The city of Lodi has purchased land and is in the process of replacing the problematic Fire Station 2, where firefighters have had to deal with rodents and black mold for a decade.
For years, the Lodi City Council and city staff have sought to rebuild the station, but city staff has struggled to find a suitable piece of property.
As of Dec. 30, 2012, the city closed escrow on a 1-acre former used car lot at the corner of Cherokee Lane and Oak Street. The city purchased the property from Geweke Land Development and Marketing for $400,000.
The new station will cost between $3 to $3.5 million and take somewhere between 18 months to two years to construct.
The key was finding a piece of land that allows for firefighter response times that are as good as the current station on Lodi Avenue, city officials said.
Fire Station 2 serves a majority of the Eastside, and trucks have to respond as fast as possible, despite obstacles like the railroad tracks and Highway 99, Fire Chief Larry Rooney said. There also needs to be quick access to both the residential and industrial areas.
The new location will also make the station more visible and aesthetically improve what is now an empty lot, the chief said.
"The biggest winner is the community because we end up with a building that we can take pride in on the Eastside. It is right on Cherokee Lane, which is a main access into town," Rooney said.
The current station is only 31 years old, but Lodi firefighters have battled black mold, a leaky roof and a vermin infestation for at least a decade, said Brad Doell, Lodi Firefighters Association president.
"It is just really dilapidated. It's not because of the city not keeping it up; it was just bad craftsmanship," he said.
During a tour in August 2010, several Lodi City Council members told city staff to move the fire station to the top of the priority list and get the firefighters into improved living quarters as soon as possible.
City Manager Rad Bartlam then started looking at property around Fire Station 2 to build a new station. That process took longer than expected because the city negotiated for months with one property owner, and then that deal fell apart.
When an agreement was not reached, the city started looking around for other possibilities, and found the Geweke property had recently come on the market, Rooney said.
In June 2012, the council also moved the process forward by refinancing a 2002 General Fund bond that had paid for a new police building, the reconstruction of Hutchins Street Square and the refunding of prior bonds issued for Downtown Lodi improvements. That money will pay for a majority of the project, Rooney said.
The city is also currently negotiating to rent a portable fire station that the firefighters will be able to live in during the construction, the chief said. Doell hopes the firefighters will be out of Fire Station 2 within the next six months.
In the past, there have been promises to fix the building that never came to fruition, Doell said. During the last two years, the firefighters have been appreciative of the city's communication and focus on finding a solution, he said.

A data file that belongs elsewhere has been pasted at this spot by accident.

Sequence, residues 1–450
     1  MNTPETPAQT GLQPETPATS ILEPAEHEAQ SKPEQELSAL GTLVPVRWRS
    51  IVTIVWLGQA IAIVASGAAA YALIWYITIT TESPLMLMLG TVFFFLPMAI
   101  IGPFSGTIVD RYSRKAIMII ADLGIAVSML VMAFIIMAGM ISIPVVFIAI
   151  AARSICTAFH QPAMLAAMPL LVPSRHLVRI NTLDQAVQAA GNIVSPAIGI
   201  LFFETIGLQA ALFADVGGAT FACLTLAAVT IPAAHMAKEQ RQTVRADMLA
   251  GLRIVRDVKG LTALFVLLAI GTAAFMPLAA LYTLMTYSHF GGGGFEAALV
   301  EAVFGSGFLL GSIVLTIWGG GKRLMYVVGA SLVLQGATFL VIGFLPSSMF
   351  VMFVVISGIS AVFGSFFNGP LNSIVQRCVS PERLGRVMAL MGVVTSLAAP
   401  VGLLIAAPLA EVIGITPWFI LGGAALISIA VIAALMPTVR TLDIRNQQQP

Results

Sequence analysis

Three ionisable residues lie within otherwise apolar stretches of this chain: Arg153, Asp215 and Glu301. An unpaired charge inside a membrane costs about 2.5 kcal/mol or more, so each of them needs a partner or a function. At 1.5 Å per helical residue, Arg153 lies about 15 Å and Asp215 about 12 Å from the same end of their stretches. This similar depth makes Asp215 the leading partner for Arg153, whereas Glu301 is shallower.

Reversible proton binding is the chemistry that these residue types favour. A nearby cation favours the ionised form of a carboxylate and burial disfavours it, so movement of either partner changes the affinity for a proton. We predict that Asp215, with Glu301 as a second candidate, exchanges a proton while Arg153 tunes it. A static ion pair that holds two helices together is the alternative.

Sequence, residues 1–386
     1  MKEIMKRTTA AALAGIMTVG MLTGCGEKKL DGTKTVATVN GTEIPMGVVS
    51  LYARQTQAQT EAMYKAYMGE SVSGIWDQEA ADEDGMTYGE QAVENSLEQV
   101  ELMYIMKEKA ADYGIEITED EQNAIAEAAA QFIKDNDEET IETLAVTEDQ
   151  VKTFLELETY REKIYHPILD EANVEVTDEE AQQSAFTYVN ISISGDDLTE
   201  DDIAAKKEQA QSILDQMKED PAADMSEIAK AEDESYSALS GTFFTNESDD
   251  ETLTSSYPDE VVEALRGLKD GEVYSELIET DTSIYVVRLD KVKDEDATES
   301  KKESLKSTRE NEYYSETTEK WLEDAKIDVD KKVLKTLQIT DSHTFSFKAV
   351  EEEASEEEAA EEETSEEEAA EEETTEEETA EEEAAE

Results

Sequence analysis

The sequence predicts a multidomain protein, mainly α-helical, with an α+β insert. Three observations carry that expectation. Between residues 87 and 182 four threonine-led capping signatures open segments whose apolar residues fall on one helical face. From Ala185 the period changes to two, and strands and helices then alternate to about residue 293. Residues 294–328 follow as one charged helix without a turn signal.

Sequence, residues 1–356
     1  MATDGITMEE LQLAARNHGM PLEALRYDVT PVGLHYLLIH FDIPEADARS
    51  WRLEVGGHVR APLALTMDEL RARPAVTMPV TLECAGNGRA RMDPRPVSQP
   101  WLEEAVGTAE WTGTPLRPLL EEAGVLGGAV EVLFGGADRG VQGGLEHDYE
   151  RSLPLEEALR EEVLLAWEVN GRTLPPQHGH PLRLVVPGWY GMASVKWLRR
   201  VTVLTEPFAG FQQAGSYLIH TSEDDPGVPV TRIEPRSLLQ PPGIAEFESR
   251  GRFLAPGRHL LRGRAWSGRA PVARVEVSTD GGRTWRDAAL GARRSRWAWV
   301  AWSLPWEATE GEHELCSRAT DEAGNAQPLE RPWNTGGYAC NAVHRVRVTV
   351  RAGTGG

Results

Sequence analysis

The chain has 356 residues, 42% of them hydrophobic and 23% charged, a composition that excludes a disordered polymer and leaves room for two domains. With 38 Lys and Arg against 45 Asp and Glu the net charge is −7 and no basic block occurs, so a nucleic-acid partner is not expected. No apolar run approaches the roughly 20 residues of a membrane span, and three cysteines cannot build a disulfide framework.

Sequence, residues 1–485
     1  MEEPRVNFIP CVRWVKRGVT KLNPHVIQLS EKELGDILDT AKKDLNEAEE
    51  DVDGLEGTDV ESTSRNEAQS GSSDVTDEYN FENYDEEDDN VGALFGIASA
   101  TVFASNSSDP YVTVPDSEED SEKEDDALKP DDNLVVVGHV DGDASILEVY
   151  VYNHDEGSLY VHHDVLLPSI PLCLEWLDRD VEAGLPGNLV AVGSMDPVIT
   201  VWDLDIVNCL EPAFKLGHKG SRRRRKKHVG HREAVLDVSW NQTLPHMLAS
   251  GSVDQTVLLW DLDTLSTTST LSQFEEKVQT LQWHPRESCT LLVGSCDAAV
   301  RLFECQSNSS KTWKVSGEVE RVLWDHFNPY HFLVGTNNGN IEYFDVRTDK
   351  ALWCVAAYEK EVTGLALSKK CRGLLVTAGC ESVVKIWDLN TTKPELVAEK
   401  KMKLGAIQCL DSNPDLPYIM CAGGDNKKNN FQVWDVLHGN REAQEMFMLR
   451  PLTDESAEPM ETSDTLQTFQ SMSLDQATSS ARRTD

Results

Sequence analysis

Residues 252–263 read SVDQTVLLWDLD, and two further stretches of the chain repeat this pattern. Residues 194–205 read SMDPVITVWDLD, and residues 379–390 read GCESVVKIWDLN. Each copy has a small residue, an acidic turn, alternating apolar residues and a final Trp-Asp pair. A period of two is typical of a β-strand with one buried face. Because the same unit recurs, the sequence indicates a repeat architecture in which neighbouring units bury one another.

"I know that the council and city staff have been working tirelessly to get us a site," he said. "Things did not go as smooth as they anticipated, and it took longer than we would have liked, but we understand a lot of the forces affecting that were out of the city's control. It certainly comforted the firefighters knowing that it was still a priority and that they were working toward getting us out of the station."
Mayor Alan Nakanishi said he is glad Lodi is able to fund this type of project, even with a limited city budget.
"It's long overdue, and I'm glad we have the land we have acquired," he said. "The living quarters for the firefighters have not been adequate for a long time, so I am happy that we can do this."
For the next fire station, Doell said he thinks the city has learned from previous mistakes with other stations.
For example, the heating and air conditioning system at Station 4 is meant for a commercial building, and it is hard to regulate the temperature, he said. Also, because the fire station is occupied 24 hours a day, seven days a week, the air conditioning system frequently breaks down because it is being used constantly, Doell said.
City staff is currently working on a request for architects to design the new station. The chief would like to look for a contractor who has designed other fire stations previously, Doell said.
The city is putting together a committee that will include firefighters to help with the design process, and there will be field trips and consultations with other communities on what works, the union president said.
"A fire station is more occupied than most people's homes," Doell said. "It's a commercial or industrial setting but you have people living there, so you have to incorporate some of the comforts of home."
Rooney said one benefit of the new station is that they are planning to construct three bays, so they will be able to store more of the city's equipment indoors.
"We are looking to build a 50-year building. We are looking for something that is going to last for the community and provide us with nice living conditions and additional apparatus room," he said.
Contact reporter Maggie Creamer at email@example.com.